Anatomic anterior cruciate ligament (ACL) reconstruction attempts to recreate the native dimensions of the ACL, collagen orientation and insertion sites to recreate the function of the native ligament [32, 42]. It has already been shown that anatomic ACL reconstruction, in which the graft is placed within the native ACL insertions, might result in better knee stability when compared to nonanatomic techniques [6, 24]. Furthermore, the correct placement of the femoral tunnel is known as one of the most important factors influencing knee kinematics and clinical results in anatomic ACL reconstruction [23, 34].

ACL reconstruction was conventionally performed with a single-round femoral tunnel. However, some anatomical studies have revealed that the ACL femoral footprint is relatively elliptical in shape, not round [19]. Therefore, the use of bi-fascicular techniques or the realization of rectangular or oval tunnels have been proposed to try to imitate the native anatomy of the femoral insertion of the ACL in a more precise way. Still, some studies have described morphologies of the femoral insertion as being crescent-shaped, circular/round [12], semi-circular [10] or ovalized [10, 11]. Moreover, differences in the size of the femoral insertion have been described. A few studies have reported a long femoral insertion that extends backward to the articular cartilage margin [3, 7, 12, 18, 29], whereas other studies have described a relatively narrow insertion area [11, 26, 40].

Due to this confusion, a large number of anatomical studies have been carried out that have tried to precisely define the morphological characteristics of the femoral insertion of the ACL [7, 10,11,12, 16, 19, 34, 39, 40]. However, most of those studies were carried out with small samples and with elderly cadavers, which could lead to errors in the determination of the true morphological characteristics of the ACL. In addition, on other occasions, they do not make a clear distinction between the analysis of the direct insertion (mid-substance insertion) and the indirect insertion (fan-like extension) of the ACL.

A recent study determined that the tibial insertion of the ACL presents significant morphological variations with age [27]. Therefore, it is thought that similar changes may occur at the femoral insertion. The aim of the study was to compare the differences in the morphology of the ACL femoral footprint between the cadavers of the young and elderly due to a degenerative physiological process that occurs over time. The hypothesis is that there are significant variations in the shape of the femoral insertion of the ACL between the cadavers of younger people and older people. The results of this study will help to determine the normal shape and position that the femoral tunnel should have in a more individualized way.

Materials and methods

This study was approved by the Institutional Review Board and Ethics Committee of the School of Medicine and University Hospital “Dr. Jose Eleuterio Gonzalez” of the Universidad Autonoma de Nuevo Leon with registration number OR16-00007. The study was carried out in accordance with the World Medical Association Declaration of Helsinki of 1964 and its revision in 2013 [45]. An anatomical, descriptive, observational and comparative study was performed with 88 non-paired, formalin-fixed human cadaver knees from the Mexican population is included.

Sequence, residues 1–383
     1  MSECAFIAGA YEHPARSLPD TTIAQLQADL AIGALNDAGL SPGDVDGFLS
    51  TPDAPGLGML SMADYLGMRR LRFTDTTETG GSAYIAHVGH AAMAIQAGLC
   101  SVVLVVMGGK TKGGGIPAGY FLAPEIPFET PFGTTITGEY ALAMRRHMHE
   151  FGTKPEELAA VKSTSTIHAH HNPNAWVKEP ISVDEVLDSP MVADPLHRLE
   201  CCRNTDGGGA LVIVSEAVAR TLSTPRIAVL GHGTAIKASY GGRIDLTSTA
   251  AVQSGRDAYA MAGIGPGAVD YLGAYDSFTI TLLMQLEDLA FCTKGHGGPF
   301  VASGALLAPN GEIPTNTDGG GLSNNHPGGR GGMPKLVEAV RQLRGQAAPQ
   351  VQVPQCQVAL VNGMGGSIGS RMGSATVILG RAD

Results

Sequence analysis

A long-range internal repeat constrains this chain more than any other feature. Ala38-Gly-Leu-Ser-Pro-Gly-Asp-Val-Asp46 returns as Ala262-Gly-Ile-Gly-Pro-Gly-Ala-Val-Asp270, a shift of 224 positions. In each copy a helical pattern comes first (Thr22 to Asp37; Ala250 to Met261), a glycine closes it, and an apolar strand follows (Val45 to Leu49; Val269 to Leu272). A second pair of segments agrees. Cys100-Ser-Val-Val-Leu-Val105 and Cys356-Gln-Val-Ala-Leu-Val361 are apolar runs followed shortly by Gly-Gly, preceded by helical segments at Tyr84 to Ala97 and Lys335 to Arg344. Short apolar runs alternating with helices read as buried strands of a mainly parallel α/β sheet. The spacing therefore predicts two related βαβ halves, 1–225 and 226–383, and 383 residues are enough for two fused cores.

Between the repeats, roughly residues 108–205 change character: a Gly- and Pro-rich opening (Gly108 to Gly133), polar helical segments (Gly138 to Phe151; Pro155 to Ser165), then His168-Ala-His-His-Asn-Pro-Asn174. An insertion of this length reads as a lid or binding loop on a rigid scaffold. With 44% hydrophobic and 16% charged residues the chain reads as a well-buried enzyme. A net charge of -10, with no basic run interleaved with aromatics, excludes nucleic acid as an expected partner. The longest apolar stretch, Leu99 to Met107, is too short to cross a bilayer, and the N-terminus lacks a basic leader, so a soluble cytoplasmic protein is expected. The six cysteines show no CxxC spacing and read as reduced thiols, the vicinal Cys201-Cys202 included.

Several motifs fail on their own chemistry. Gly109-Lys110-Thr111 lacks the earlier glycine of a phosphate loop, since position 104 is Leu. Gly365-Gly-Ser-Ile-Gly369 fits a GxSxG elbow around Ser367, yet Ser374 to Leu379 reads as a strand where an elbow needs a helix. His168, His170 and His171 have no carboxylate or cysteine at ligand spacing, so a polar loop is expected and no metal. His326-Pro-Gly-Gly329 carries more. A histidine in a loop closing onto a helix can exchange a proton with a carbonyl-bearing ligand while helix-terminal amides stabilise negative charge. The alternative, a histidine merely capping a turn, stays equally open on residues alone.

The cadavers were collected from three distinct departments of human anatomy between 2016 and 2020. All specimens were over 18 years of age at the time of death. The gender, weight, and height of each cadaver were documented. The cause of death and the most important clinical information for each corpse was known and varied between the cadavers of the young and elderly. Head trauma was predominant in the young group and myocardial infarction and metabolic disorders in the elderly group. Unequivocally so, none of the causes of death or medical history of the included cadavers influenced the execution and results of this study.

The sample size was determined based on the availability of cadavers of individuals under 50 years of age. Data from a previous study of ACL morphology confirmed that the sample size was sufficient to detect differences among ages [27]. Furthermore, a post-hoc power analysis was performed to assess the adequacy of the sample size. Additionally, the goal of the study was for it to be done with the largest sample reported in the literature. The sample was divided into four groups according to age and gender: males and females younger and older than 50 years. This cut-off age was used based on a previous study that showed statistically significant differences in the tibial footprint morphology of the ACL [27].

All the knees were analyzed in phases to make sure they fulfilled the inclusion criteria. Before being included in the study, every specimen underwent an anteroposterior radiograph to exclude knees that presented an intraarticular fracture sequela, the presence of orthopedic implants or congenital bone anomalies. However, they were not used for the radiographic classification of osteoarthritis. In the inspection, those that presented scars from previous surgical interventions were excluded. Those knees that, at the time of the dissection, presented an ACL or macroscopic rupture of the posterior cruciate ligament (PCL), advanced osteoarthrosis (Outerbridge Grade IV) or macroscopic degenerative changes in the synovial membrane that impaired adequate observation or dissection of structures of interest were excluded. Furthermore, the presence of osteophytes in the medial region of the lateral femoral condyle, which could interfere with the measurements of distances between the ACL attachment and the articular cartilage of the condyle, was considered criteria for exclusion. A knee surgeon (SP) and an anatomist (SGL) independently reviewed the specimens for inclusion.